The expected implementation date is late August (or potentially September) indicating a holding period of less than 5 months and implying an IRR in excess of 25%.

Sometimes all you have to do is walk over and pick the $20 note off the ground.

Note: I think their may be a way to receive the full AUD$0.85 per share, without opening a Japanese securities account, however, it still does not get around the interim currency and price risk

“The number of the Company common shares that can be received as consideration by the Stock-receiving Mitula Shareholders who do not notify the Company of their securities account information or their intention to hold the shares in the Pooled Account A within the prescribed period will continue to be kept in the Pooled Account B after the Settlement Completion Date. In such a case, if any valid notifications will not additionally be made to the Company within the prescribed period in the prescribed way, these shares in the Pooled Account B will be sold in accordance with the sales policy prescribed in the Scheme Booklet and then the sales proceeds will be paid to such shareholders in cash after deducting costs”

5 thoughts on “limited ticket size creates arbitrage opportunity

  1. Thanks for posting this.
    I was pleased by the takeover as I had bought a small position last year in response to what I thought was an overreaction.
    Your post has got me thinking about the merger arbitrage which I generally tend to avoid as I’ve stung in the past 😦
    What do you think the chance is it might get blocked as Trvovit already operates in Spain ?
    I note the break fee is pretty small.
    I also think there might be some more selling if some people prefer to cash in now and avoid the Tokyo listing.

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    1. Handicapping the probability of an individual deal failing is fairly difficult in my opinion. Instead, I really on base rates – since 1992 public market takeovers have failed around 10% of the time. Therefore, when calculating an expected return I use a 90% chance of receiving the takeover price (the upside) and a 10% chance of taking the expected loss (which as I said, I don’t think will be too large given MUA’s current valuation. Even using the downside price of $0.45 (price prior to announcement which was a very cheap valuation) still gives an expected return of >6% (upside of 8c multiplied by 90% less downside of 32c multiplied by 10%)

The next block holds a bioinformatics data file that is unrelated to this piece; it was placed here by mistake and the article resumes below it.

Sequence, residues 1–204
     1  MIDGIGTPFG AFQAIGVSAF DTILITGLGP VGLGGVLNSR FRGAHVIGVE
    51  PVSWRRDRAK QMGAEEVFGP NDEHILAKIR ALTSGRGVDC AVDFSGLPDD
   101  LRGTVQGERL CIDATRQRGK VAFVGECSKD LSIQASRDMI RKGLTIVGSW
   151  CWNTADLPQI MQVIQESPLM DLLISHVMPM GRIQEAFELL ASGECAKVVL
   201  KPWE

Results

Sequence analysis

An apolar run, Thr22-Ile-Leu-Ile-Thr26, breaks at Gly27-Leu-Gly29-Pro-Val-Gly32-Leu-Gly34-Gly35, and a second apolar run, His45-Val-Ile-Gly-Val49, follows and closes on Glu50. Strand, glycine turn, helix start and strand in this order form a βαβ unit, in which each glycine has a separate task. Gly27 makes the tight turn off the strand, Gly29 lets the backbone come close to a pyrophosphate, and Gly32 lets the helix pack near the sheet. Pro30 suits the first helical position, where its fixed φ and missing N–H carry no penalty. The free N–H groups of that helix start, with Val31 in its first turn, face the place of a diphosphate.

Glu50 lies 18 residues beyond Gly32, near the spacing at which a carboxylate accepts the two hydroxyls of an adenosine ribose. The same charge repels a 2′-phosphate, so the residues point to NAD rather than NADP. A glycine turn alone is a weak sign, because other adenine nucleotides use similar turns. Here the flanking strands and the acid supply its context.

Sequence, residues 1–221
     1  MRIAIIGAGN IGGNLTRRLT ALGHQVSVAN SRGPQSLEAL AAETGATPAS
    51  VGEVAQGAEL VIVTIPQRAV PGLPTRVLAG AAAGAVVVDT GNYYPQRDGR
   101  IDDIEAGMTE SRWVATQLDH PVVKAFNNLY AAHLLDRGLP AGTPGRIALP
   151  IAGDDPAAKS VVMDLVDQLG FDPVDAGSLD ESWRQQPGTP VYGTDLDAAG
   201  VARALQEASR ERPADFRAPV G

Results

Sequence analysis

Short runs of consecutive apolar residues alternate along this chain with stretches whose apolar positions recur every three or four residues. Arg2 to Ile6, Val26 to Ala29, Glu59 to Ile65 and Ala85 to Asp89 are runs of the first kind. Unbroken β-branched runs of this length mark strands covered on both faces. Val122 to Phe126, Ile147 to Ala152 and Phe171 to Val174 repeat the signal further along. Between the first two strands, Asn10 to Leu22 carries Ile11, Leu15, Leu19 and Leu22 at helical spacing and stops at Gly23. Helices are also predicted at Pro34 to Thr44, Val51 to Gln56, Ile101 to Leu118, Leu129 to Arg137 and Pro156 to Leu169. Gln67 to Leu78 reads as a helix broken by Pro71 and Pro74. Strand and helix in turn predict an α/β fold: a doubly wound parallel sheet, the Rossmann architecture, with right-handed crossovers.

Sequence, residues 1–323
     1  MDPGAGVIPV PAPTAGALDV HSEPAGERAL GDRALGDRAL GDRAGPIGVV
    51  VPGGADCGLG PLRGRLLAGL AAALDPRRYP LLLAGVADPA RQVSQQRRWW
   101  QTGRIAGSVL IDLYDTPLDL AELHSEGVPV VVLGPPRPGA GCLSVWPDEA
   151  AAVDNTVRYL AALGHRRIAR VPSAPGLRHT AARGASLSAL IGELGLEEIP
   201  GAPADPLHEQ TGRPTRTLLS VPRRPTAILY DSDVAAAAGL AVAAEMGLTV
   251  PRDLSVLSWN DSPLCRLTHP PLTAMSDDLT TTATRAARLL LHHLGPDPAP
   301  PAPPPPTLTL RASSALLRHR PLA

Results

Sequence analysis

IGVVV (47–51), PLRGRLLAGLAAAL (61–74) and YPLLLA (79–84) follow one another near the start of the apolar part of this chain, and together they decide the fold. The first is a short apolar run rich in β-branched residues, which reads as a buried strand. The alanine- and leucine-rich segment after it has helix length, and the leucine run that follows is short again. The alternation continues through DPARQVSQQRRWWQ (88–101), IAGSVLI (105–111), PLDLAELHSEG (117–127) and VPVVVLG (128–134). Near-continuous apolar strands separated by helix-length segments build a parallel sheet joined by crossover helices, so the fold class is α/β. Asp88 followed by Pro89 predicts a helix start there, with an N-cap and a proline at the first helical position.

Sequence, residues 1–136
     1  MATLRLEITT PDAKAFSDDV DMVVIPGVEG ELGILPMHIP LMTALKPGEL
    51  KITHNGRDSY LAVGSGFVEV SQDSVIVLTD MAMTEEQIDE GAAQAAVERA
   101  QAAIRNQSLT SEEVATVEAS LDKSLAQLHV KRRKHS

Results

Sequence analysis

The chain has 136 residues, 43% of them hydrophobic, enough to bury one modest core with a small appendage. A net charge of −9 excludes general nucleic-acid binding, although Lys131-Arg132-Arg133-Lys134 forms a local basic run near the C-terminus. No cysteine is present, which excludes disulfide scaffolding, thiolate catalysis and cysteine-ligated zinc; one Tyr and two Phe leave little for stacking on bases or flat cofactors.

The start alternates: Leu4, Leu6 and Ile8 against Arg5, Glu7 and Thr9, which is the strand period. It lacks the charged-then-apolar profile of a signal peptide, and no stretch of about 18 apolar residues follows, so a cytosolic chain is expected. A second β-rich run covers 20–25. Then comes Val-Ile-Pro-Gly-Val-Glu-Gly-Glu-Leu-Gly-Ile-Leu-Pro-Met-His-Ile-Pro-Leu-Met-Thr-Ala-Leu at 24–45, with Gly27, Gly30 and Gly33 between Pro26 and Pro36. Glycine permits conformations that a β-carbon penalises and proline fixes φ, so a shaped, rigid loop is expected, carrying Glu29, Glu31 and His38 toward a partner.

Funnily enough, I think this could be the opposite to a typical merger where a failed deal could swing the supply/demand equation towards more buyers than sellers as there is unlikely to be a large % of “merger arb” guys in the stock given the liquidity, complexity etc. But a lot of the former investors who sold out due to not wanting to hold a TSE listed stock could buy back into it as they believe in the long term MUA story. Just thinking out loud…

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  2. Really interesting article, there is the risk that Lifull don’t get approval to issue shares for the takeover though. Even though the CEO of Lifull controls 35% of the company the 10%+ drop in their share price on announcement might suggest some risk there. The company still needs 15/65ths of the vote. Do you think there will be any issues with the vote on Lifull’s side? I know nothing about investing culture in Japan and how passive/active shareholders tend to be.

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  3. I can only envisage downward pressure on the share price based on the facts you present. There will be a limited number of individuals who can afford to buy 20,000 shares (or multiples thereof through varying accounts), but a large number of holders needing to offload a significant number of shares. Presents as a great opportunity if takeover proceeds. Thank you for your insights on a fantastic blog.